Jacques' Tacos' Wes Holton on his driving desire to serve mobile Mexican
Published: January 19, 2011
Jacques' Tacos is the brainchild of Wes Holton, a skilled chef whose focus is now on selling tacos from his catering truck. The selection is limited to tacos filled with braised short ribs, grilled chicken, slow-roasted pork or marinated avocado, all a bargain at $2.50 each. There are also a few sides. The flavors are decidedly Mexican, but a bit different from standard taqueria fare. The truck can be found at various locations that are designated at jacquestacos.com.
MT: Where did you learn to cook?
Wes Holton: I started at Schoolcraft, graduated in '99, and I worked at the Golden Mushroom and Oakland Hills. Then I wanted to do something a little different, so I took a trip to New York City and met up with Daniel Boulud who offered me a job. I quit Oakland Hills and packed up all my stuff and worked in New York for five years with him. And then I worked at his restaurant in Palm Beach for a season and a half, and then Las Vegas opened up and I worked there for three years. Then my wife was pregnant with our first boy. We were looking to come home. She's from Ann Arbor. I'm from Plymouth. I was trying to figure out what to do. When I started looking at the jobs, there weren't a whole lot out there. I was thinking of opening something casual like a sandwich shop or something like that. We took a couple weekend trips out to L.A. and noticed the food trucks out there, and then they started to pop up in Las Vegas. We decided to bring that back here.
MT: You've got some impressive credentials. Why a taco truck?
Holton: You put in all these hours for so many years, always for someone else. I never felt like I was home. I always felt like I was always at the restaurant. Especially if you're putting in that many hours, you want to do that for yourself. Basically, the way I cook, all the meat is French technique. I thought tacos would be a good vehicle. You could do whatever you wanted. It's kinda like a sandwich. You can put in anything if it's a good combination. In the restaurant, we always worked with a bunch of Mexican guys and we had taco day once or twice a week. It kinda started like that. A truck is the least expensive way to get going.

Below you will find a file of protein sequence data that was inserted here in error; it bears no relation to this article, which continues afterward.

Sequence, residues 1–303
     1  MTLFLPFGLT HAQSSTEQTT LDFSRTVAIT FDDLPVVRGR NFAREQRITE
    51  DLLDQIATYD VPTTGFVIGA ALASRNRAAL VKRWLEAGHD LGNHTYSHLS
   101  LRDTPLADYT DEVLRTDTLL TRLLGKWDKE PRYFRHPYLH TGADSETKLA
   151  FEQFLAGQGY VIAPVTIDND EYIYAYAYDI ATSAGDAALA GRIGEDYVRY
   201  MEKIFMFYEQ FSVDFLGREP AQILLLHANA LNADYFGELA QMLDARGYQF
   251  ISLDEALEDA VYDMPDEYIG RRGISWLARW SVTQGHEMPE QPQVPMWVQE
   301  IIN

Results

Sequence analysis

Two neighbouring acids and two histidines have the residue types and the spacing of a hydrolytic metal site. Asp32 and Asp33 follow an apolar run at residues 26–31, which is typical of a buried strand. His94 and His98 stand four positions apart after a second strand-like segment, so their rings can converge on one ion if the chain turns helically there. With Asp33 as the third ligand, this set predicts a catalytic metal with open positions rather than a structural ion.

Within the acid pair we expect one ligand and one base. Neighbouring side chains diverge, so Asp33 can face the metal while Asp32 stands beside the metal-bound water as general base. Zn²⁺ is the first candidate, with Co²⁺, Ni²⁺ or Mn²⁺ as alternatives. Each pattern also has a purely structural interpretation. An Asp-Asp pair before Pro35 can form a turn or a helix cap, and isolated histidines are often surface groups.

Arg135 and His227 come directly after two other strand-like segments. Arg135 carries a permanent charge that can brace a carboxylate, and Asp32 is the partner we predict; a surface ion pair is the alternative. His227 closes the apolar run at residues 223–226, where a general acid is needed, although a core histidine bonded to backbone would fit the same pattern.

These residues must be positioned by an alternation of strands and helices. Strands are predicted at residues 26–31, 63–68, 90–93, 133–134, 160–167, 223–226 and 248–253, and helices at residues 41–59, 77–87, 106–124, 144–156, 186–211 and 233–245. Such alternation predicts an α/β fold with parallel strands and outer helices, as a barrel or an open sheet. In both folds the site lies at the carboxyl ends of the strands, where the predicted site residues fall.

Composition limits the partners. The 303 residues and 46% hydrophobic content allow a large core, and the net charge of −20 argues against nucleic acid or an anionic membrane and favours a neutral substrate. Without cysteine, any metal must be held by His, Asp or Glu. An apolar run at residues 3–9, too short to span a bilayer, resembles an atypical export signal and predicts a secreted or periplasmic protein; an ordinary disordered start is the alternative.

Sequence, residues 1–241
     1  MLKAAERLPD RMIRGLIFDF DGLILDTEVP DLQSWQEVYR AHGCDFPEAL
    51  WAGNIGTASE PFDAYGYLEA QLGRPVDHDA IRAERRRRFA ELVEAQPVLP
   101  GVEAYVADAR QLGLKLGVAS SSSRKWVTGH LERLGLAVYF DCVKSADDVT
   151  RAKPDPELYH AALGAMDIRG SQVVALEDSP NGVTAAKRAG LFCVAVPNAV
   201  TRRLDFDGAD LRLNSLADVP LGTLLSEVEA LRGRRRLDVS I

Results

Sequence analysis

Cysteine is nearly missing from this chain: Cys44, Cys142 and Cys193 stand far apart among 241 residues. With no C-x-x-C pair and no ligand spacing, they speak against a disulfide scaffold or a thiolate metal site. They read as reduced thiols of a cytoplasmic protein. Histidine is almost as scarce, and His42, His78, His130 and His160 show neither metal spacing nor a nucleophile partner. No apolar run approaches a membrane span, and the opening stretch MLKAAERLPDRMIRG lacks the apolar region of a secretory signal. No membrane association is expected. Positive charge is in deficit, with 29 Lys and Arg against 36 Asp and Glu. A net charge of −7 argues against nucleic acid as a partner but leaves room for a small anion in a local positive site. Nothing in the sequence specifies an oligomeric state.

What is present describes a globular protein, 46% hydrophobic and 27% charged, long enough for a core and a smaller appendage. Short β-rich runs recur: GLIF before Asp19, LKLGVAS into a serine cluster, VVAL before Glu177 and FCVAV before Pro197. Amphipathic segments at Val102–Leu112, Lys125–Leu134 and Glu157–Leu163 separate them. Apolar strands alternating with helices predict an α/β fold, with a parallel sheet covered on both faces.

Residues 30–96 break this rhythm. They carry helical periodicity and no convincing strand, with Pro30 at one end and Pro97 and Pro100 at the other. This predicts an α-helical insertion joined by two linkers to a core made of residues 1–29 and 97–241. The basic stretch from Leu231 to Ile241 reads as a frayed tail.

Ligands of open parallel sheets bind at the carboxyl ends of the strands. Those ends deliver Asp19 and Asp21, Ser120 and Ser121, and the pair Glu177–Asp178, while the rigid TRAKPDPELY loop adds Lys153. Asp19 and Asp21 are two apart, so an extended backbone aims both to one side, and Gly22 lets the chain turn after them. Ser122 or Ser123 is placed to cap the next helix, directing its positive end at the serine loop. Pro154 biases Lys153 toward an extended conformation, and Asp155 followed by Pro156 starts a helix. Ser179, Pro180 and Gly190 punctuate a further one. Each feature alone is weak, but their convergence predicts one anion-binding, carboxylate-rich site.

MT: How hard was it to get started?
Holton: It's a lot more challenging than you think. You think everything's going to fall in place, and it's always another week. Whatever money you think you'll put into it, you can always double your money and your time to get everything up and started.
MT: Is it more difficult than opening a regular restaurant?
Holton: It's tricky because you have to do everything yourself — because all you have is the truck and all you have is you. Usually, with a restaurant, you have partners or investors or a general manager that you can delegate some of that stuff to. But pretty much everything falls upon my shoulders. It took a little bit to get it started. That's for sure.
MT: What were some of the biggest challenges?
Holton: Just trying to figure out where to go; trying to find a route; trying to get people to call you back. You visit some big industrial parks where they don't have any food for their staff, and they only get a half-hour lunch break. You try to go there and bring them something. You call them a handful of times, and you won't even get one phone call back. You get a slow start. Sylvia Rector from the Free Press helped me out a lot when she wrote that article [about me]. It kinda took off from there. You get people coming up to the truck saying, "Come over here." That's where the route took off from.
MT: How many stops on your route?
Holton: It fluctuates. Usually I'm out there five days a week, and then I'll do some private parties at night. It slows down in the winter. People don't want to stand out in the cold. The window is from about 11:30 a.m. to 1 p.m., so I can only do one a day.
MT: Do you aspire to owning a real restaurant?
Holton: Absolutely. I'd like to combine the two. This is a good way to get a foot in the door and get my name out there. I've had a couple people that wanted to get in the restaurant business, but nothing fit with what I want. The right person will come by.
MT: Would you do Mexican food?
Holton: I'd probably do something more French.
MT: Any plans for an expanded menu on the truck?
Holton: Over the summer, I'm going to do a couple different things, maybe some French things, maybe a little charcuterie and a little paté.
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